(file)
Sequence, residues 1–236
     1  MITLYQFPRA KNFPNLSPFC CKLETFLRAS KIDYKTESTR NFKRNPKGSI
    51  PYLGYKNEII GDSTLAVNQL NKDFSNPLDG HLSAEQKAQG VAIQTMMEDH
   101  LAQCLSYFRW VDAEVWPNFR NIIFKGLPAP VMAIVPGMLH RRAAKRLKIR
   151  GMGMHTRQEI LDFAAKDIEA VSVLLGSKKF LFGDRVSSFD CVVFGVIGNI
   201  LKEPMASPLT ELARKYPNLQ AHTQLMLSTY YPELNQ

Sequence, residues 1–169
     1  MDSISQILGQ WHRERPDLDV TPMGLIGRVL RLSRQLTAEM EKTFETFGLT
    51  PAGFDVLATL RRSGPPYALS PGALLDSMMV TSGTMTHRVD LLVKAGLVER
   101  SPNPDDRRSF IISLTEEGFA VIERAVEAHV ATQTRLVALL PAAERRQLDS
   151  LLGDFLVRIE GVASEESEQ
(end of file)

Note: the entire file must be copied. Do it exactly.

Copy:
Sequence, residues 1–236
     1  MITLYQFPRA KNFPNLSPFC CKLETFLRAS KIDYKTESTR NFKRNPKGSI
    51  PYLGYKNEII GDSTLAVNQL NKDFSNPLDG HLSAEQKAQG VAIQTMMEDH
   101  LAQCLSYFRW VDAEVWPNFR NIIFKGLPAP VMAIVPGMLH RRAAKRLKIR
   151  GMGMHTRQEI LDFAAKDIEA VSVLLGSKKF LFGDRVSSFD CVVFGVIGNI
   201  LKEPMASPLT ELARKYPNLQ AHTQLMLSTY YPELNQ

Sequence, residues 1–169
     1  MDSISQILGQ WHRERPDLDV TPMGLIGRVL RLSRQLTAEM EKTFETFGLT
    51  PAGFDVLATL RRSGPPYALS PGALLDSMMV TSGTMTHRVD LLVKAGLVER
   101  SPNPDDRRSF IISLTEEGFA VIERAVEAHV ATQTRLVALL PAAERRQLDS
   151  LLGDFLVRIE GVASEESEQ